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Chapter 49


Let us go a little deeper into all these novelties.

Pray learn this also, M. Bonaparte: that which distinguishes man from brute, is the notion of good and of evil--of that good and that evil of which I was speaking to you just now.

There is the abyss.

The animal is a complete being. That which constitutes the grandeur of man is the being incomplete; it is the feeling one's self to be many degrees removed from completion; it is the perceiving something on that side of one's self, something on this side. This something is mystery; it is--to make use of those feeble human expressions which always come one by one, and never express more than one side of things--the moral world. This moral world man bathes in, as much as, more than, in the material world. He lives in what he feels, more than in what he sees. Creation may beset him, want may assail him, pleasure may tempt him, the beast within him may torment him, but all in vain; a sort of incessant aspiration toward another world impels him irresistibly beyond creation, beyond want, beyond pleasure, beyond the beast. He glimpses everywhere, at every moment, the upper world, and he fills his soul with that vision, and regulates his actions by it. He does not feel complete in this life on earth. He bears within him, so to speak, a mysterious pattern of the anterior and ulterior world--the perfect world--with which he is incessantly, and despite himself, comparing the imperfect world, and himself, and his infirmities, and his appetites, and his passions, and his actions. When he perceives that he is approaching this ideal pattern, he is overjoyed; when he sees that he is receding from it, he is sad. He understands thoroughly that there is nothing useless or superfluous in this world, nothing which does not proceed from something, and which does not lead to something. The just, the unjust, good, evil, good works, evil deeds, fall into the abyss, but are not lost there, passing on into the infinite, for the benefit or the burden of those who have accomplished them. After death they are collected, and the sum-total cast up. To disappear, to vanish, to be annihilated, to cease to be, is no more possible for the moral atom than for the material atom. Hence, in man, that great twofold sense of his liberty and of his responsibility. It is given him to be good or to be bad. It is an account that will have to be settled. He may be guilty, and therein--a striking circumstance upon which I dwell--consists his grandeur. There is nothing similar for the brute. With the brute it is all instinct: to drink when thirsty, to eat when hungry, to procreate in due season, to sleep when the sun sets, to wake when it rises, or vice versa, if it be a beast of night. The brute has only an obscure sort of ego, illumined by no moral light. Its entire law, I repeat, is instinct: instinct, a sort of railway, along which inevitable nature impels the brute. No liberty, therefore, no responsibility, and consequently no future life. The brute does neither evil nor good; it is wholly ignorant. Even the tiger is innocent.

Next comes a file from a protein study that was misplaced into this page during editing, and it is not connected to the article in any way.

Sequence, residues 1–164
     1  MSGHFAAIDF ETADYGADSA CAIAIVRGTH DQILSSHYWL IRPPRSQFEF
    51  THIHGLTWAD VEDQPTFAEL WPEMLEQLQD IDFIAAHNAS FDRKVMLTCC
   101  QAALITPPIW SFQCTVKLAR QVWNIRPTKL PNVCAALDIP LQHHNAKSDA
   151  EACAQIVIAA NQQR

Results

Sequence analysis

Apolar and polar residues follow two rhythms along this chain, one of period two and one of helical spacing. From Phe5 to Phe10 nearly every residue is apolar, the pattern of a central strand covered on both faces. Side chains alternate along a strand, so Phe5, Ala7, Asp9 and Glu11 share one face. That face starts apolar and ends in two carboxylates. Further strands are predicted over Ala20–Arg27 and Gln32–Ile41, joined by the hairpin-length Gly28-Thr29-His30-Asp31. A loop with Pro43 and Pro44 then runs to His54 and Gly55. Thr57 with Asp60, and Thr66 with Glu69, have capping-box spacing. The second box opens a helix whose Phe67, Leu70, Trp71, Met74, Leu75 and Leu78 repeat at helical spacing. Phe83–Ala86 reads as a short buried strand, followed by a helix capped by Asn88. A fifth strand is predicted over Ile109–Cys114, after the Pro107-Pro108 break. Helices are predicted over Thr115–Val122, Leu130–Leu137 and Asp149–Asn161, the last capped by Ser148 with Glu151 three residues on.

If, perchance, you were innocent as the tiger!

At certain moments one is tempted to believe that, having no warning voice within, any more than the tiger, you have no more sense of responsibility.

Really, at times I pity you. Who knows? perhaps after all, you are only a miserable blind force!

Louis Bonaparte, you have not the notion of good and evil. You are, perhaps, the only man of all mankind who has not that notion. This gives you a start over the human race. Yes, you are formidable. It is that which constitutes your genius, it is said; I admit that, at all events, it is that which at this moment constitutes your power.